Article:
This unshaken package measurement represents the combination of the dO2 of the beer at the base of the filler and the oxygen pickup of the filler. Oxygen picked up at the filler can be quite variable. Most fillers run at about 25 to 50 percent deviation, but in some cases it can be up to 100 percent deviation. The best way to measure the percent deviation is to determine the dO2 at the base of the filler and then measure six to ten packages and determine the variation of each package as compared to the average of all the containers. But remember: this measurement only tells you what is in the liquid. When measuring unshaken packages, any gas in the headspace is left uncounted.

Shaken Package dO2 –

When you shake a package of beer so that the partial pressure of the oxygen in the liquid is equal to the partial pressure in the headspace, it changes the characteristics of the oxygen partitioning in the package. If most of the oxygen in the package is locked in the liquid, then shaking the container will move the O­2 from the liquid to the headspace until equilibrium is reached.

So, you have measured the dO2 and then shaken the package. Now what do you do with the data? If you really want to quantify the TPO of the package you have to take into account the headspace oxygen. To do this accurately you need to know the headspace volume and the package temperature.

Total Package Oxygen –

When using the dissolved oxygen measurement, the TPO can only be calculated from a shaken package. To do this calculation you also need to know the headspace volume, liquid volume and the package temperature. The temperature and the headspace volume are critical values and small inaccuracies can alter the results significantly, but the liquid volume may be estimated by using the average fill volume. Once you have your figures, then you can use a TPO calculator to determine the concentration from your initial dO2 measurements.”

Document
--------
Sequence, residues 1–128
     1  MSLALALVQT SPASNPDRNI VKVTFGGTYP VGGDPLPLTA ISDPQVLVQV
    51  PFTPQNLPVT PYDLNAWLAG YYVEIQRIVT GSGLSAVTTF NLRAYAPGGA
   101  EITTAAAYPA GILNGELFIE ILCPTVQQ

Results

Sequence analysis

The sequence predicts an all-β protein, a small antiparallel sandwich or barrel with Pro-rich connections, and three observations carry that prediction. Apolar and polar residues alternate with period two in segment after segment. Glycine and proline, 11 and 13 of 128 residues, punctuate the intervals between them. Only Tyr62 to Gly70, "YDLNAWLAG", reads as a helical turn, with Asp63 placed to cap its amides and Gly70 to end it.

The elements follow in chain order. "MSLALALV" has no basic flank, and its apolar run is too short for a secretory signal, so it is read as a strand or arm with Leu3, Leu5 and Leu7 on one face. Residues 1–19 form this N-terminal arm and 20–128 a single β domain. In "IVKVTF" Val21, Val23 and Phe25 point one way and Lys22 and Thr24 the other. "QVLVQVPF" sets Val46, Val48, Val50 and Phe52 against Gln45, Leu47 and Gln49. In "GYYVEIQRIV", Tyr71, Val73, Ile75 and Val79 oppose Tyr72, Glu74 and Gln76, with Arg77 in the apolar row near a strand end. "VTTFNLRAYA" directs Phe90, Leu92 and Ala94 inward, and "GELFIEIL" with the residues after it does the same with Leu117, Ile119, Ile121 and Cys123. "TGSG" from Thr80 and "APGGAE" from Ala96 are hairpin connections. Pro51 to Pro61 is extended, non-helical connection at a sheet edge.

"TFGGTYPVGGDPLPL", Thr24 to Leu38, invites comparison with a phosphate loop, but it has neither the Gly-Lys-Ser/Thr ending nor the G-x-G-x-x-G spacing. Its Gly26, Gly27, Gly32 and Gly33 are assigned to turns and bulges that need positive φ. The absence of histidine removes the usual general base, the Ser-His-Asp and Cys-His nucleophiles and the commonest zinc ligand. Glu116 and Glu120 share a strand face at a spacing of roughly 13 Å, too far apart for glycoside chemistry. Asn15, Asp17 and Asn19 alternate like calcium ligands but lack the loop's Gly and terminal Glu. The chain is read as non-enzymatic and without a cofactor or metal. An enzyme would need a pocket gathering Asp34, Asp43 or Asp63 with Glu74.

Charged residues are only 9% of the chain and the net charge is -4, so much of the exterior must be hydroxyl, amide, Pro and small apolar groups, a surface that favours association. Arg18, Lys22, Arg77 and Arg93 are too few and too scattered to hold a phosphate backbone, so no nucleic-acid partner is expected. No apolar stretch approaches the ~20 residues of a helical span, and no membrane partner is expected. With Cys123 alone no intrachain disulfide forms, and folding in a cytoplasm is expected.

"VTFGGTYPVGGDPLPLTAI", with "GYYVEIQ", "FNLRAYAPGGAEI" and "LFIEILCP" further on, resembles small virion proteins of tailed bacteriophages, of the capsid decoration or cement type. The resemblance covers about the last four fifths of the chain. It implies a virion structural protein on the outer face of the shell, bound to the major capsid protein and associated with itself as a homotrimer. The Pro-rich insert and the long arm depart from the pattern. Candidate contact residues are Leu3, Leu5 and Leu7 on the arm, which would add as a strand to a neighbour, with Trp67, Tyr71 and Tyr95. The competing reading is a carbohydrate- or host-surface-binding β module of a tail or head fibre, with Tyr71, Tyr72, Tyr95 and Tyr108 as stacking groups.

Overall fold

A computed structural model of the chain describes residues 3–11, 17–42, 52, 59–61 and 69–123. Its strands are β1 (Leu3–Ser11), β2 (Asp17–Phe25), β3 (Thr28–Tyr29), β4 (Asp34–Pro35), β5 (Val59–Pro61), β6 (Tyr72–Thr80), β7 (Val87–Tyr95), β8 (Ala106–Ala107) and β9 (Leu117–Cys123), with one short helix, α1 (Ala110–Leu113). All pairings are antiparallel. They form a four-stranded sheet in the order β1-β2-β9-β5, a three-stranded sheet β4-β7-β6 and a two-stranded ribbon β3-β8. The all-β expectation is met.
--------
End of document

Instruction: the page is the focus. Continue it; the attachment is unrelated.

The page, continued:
-taken from Hach Instruments and is a great summary of TPO.

So with that said we have 2 great hurdles to overcome with our beer: DO and TPO. If we spunded we will have very low DO levels going into the canning phase, but filling the cans will most certainly pick up some DO, and TPO. So we want to minimize that, so how to we do it?

So now we know about the DO in the sanitizing water, we want to go into the cellar/filling room and get an overview on the pieces parts of the filling process.

It’s now time to fill the cans. Filling our first cans:

Filling the cans isn’t super fast, but its quick enough. The beauty of cans is that once packaged you will have no oxygen ingress much like a keg, but with the mobility of bottles (without the cap oxygen ingress). Once you get the methods down its pretty easy, and lets not forget how cool it is to see your beer in a can!

Here is a video of me pouring my first canned beer, Prost!:

Just using the “Me” test I do notice some flavor fall off at about a month. I need to refine my process, and once I feel more confident in the process, and methods I will send the cans off to be professionally tested for TPO. I put a video together with all the steps and process laid out here in once video. I hope you find this information useful! Happy Canning!